Additionally, at the state level, several marijuana-related bills are already dead for this session. These include two Virginia bills to decriminalize marijuana possession, as well as four Mississippi bills- one to decriminalize possession, two related to medical marijuana, and the last to license and regulate adult use marijuana.

    Following are the bills from around the country that we’ve tracked this week and as always, check http://norml.org/act for legislation pending in your state.

    Don’t forget to sign up for our email list and we will keep you posted as these bills and more move through your home state legislature and at the federal level.

    Thanks for all you do and together we will win,

    Priority Alerts


    End Prohibition: Representatives Tom Garrett (R-VA) and Tulsi Gabbard (D-HI) have introduced bipartisan legislation, HR 1227, to exclude marijuana from the Controlled Substances Act, thus leaving states the authority to regulate the plant how best they see fit.

    The “Ending Federal Marijuana Prohibition Act of 2017” eliminates federal criminal penalties for possessing and growing the plant. This legislation gives states the power and flexibility to establish their own marijuana policies free from federal interference.

    Click here to e-mail your Representative and urge them to support this important legislation

    New Mexico

    Democratic state Senator Gerald Ortiz y Pino pre-filed legislation, SJR 4, to legalize, tax, and regulate adult use marijuana in New Mexico.

    Update: The Senate Rules Committee voted four to three to approve SJR 4 today. If approved by lawmakers, voters would then be asked whether they want the state to legalize marijuana on this year’s November ballot.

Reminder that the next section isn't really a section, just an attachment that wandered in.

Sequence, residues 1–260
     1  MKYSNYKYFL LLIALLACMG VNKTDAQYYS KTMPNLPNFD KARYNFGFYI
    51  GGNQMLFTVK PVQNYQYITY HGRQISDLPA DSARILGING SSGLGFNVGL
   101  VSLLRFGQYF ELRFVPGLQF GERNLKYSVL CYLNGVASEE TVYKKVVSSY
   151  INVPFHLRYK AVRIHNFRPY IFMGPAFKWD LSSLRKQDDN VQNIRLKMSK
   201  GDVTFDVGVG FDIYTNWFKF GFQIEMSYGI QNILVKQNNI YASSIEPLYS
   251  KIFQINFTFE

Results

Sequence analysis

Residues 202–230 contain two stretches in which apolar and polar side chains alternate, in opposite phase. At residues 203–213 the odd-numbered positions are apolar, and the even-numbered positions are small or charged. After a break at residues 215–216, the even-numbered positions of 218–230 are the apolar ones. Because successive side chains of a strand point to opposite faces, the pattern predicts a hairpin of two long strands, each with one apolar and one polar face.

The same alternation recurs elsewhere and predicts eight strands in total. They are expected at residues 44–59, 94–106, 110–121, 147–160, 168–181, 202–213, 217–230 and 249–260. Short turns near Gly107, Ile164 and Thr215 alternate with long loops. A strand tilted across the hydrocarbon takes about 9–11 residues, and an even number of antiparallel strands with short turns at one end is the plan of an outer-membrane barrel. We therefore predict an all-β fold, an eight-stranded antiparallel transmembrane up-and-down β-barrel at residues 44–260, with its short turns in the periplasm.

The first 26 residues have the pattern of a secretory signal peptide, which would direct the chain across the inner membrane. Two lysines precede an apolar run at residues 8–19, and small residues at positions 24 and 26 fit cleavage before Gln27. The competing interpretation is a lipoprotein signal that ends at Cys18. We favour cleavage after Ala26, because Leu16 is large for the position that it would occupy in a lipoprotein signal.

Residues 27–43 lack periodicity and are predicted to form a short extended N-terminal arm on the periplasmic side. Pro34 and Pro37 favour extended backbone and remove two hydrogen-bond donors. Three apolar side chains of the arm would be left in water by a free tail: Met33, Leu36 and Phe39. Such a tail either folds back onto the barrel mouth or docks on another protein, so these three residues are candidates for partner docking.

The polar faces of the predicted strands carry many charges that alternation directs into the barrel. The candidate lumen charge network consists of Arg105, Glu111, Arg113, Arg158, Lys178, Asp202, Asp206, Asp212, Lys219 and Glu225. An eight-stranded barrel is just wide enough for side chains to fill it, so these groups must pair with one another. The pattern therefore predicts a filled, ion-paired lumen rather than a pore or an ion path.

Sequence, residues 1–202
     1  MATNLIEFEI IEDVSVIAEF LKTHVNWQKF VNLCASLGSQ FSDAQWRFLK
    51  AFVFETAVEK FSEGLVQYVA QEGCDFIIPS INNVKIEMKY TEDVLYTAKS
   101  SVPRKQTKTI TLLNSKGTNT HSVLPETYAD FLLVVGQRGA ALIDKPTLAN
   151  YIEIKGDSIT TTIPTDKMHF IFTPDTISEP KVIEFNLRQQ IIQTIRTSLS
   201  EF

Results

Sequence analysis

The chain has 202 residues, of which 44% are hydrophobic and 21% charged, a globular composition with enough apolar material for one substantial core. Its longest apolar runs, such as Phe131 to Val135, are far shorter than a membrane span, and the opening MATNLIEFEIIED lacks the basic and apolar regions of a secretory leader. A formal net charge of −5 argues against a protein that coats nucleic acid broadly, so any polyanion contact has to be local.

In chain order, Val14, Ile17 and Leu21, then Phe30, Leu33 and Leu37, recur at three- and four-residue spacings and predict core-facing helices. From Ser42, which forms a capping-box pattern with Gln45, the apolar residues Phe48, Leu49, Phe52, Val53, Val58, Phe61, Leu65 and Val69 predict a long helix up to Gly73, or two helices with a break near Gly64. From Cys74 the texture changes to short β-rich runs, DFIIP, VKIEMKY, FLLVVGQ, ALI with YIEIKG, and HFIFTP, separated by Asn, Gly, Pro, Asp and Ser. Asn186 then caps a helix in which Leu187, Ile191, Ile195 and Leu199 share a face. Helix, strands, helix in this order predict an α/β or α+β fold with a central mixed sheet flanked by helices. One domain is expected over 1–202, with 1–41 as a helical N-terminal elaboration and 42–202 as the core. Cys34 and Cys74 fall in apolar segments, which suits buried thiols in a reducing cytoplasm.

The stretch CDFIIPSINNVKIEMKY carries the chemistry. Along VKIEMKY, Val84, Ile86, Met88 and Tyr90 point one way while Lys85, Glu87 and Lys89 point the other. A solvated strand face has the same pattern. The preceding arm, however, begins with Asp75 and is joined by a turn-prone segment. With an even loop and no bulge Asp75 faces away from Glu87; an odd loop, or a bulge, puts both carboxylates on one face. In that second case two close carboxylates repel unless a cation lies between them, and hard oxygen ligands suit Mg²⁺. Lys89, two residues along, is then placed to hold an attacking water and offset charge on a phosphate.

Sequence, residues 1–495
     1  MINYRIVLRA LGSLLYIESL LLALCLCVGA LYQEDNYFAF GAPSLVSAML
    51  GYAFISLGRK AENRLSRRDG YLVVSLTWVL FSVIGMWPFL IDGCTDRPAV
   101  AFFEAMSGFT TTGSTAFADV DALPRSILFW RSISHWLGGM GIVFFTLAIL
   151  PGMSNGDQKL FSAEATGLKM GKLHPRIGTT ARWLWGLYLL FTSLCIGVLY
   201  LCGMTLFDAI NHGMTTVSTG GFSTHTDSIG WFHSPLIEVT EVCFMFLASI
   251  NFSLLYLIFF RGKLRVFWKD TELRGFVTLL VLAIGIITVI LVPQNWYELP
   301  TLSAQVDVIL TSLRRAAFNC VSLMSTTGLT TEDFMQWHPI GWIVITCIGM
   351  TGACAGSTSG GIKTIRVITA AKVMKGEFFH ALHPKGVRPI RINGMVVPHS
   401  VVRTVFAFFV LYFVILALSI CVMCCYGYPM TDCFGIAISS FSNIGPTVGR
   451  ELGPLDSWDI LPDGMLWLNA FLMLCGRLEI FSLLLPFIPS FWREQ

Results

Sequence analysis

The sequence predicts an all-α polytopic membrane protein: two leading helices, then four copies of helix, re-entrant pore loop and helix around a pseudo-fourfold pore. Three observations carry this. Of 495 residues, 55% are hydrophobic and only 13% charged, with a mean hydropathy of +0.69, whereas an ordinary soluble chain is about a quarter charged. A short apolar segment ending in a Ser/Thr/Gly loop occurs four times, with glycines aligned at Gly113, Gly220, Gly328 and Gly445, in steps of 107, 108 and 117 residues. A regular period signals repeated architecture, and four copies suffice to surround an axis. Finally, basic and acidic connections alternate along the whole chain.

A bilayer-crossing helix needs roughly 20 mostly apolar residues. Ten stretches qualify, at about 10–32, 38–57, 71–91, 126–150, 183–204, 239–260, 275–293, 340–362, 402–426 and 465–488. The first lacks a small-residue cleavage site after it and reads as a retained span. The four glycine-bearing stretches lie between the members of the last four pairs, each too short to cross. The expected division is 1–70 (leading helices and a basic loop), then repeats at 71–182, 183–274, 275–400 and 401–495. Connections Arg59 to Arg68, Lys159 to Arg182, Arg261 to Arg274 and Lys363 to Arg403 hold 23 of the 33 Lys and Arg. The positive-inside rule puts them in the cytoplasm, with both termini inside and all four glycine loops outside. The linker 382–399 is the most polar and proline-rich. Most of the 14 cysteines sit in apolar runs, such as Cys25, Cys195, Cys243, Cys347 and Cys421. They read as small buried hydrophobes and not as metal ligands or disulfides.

NM resident? Click here to email your elected officials telling them it’s time to legalize marijuana


    Legislation is pending in the House and Senate, HF 927 and SF 1320, to legalize the personal use and cultivation of small amounts of marijuana for those 21 and older, and establish a licensing scheme for its commercial production and retail sale.

    MN resident? Click here to email your elected officials in support of legalization


    Legislation is pending, SB 1027, to expand the state’s marijuana decriminalization law.

    If passed, SB 1027 would amend penalties so that the possession of up to one ounce of marijuana is classified as a civil rather than a criminal offense. Under current law, the possession of more than ten grams of marijuana is a criminal misdemeanor, punishable by up to one year in prison and a $1,000 fine.

    MD resident? Click here to email your elected officials in support of expanding the decriminalization law


    Senator Siobhan S. Dunnavant (R-12) introduced SB 726 to expand the state’s limited medical cannabis law. Delegate Benjamin Cline (R-24) has introduced companion bill, HB 1251.

    The measures would permit doctors to recommend CBD and THC-A oils to any patient they believe would benefit. Under present law, only a neurologist may recommend cannabis oils, and only for patients with intractable epilepsy.

    Update: SB 726 has reported out of committee and is awaiting a floor vote. House Bill 1251 was approved by the House today with a vote of 98 to zero.